At this time, the price is $9.00/hour for your first child, and $8.00/hour for each additional child. When our son was smaller we found this rate very reasonable, but only opted to use the nursery for one meal in Palo. It was a nice reprieve (and we’re huge fans of the time all three kids are in the clubs now!) but, in all honesty, the nursery isn’t nearly as spectacular as what you’ll find in the clubs for the bigger kids.
The #1 reason cruising has become our favorite vacation is so that we can unplug. We may check in or share a picture or two with family back home if we happen to stumble on wifi while in port, but we never, ever purchase minutes to call or connect online. If you opt to do so, it will of course cost you – and the cost can add up quickly.
Keep in mind that the ships’ intranet and the DCL Navigator app, which will allow you to look at the day’s activities, restaurant menus, and even text one another on the ship and on Castaway Cay.
Select food and beverage options
There is truly an abundance of food on cruises, and in many regards they are “all inclusive”. You can eat more than 3 square meals per day, can order room service, can choose multiple entrees at table service restaurants, make soft serve cone so big it barely stays upright, and go to the buffet as many times as you can while it’s open. That said, there are a handful of things that will cost extra, should you choose to indulge in them.
Room service is generally included (add a small tip, though, because those are not dining room servers or stateroom attendants!), but cans of soda and bottled water will have a charge. Thankfully, Disney is one of the (if not the) only cruise lines that provides a 24-hour beverage station with complementary soda, coffee, and water.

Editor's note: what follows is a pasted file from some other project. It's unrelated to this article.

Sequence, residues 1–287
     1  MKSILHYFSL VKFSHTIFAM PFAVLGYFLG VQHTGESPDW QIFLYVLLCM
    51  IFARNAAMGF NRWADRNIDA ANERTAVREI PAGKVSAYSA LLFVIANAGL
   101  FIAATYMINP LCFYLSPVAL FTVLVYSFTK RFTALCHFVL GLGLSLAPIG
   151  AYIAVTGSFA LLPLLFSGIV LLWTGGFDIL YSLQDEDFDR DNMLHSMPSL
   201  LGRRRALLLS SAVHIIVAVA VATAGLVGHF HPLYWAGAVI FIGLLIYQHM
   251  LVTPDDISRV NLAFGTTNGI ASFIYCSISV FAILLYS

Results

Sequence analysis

Speciality coffee drinks from Cove Cafe, smoothies from the smoothie bars, non-alocholic specialty drinks purchased in bars and lounges, and sweet treats from Vanellope’s Sweet Shop (on the Disney Dream) will all carry an extra charge, but we were pleasantly surprised just how reasonable the charges are. At Vanellope’s, for example, confections and ice cream sundaes are slightly cheaper than their counterparts at Disney Parks locations.
One of the other tricky spots you’ll find an up-charge is at Preludes, the concession stands outside the Walt Disney Theater. As you enter the shows each night, you’ll be tempted (or at the very least, your kids will be tempted…) by movie theater snacks and popcorn. We usually bring our own candy from home (in the same “movie theater” boxes, which aren’t the most cost-effective but apparently taste better when you’re in theaters….? I don’t know, ask my kids), and have recently learned that the popcorn buckets are refillable, and can become very reasonable if you’d get popcorn multiple times anyway.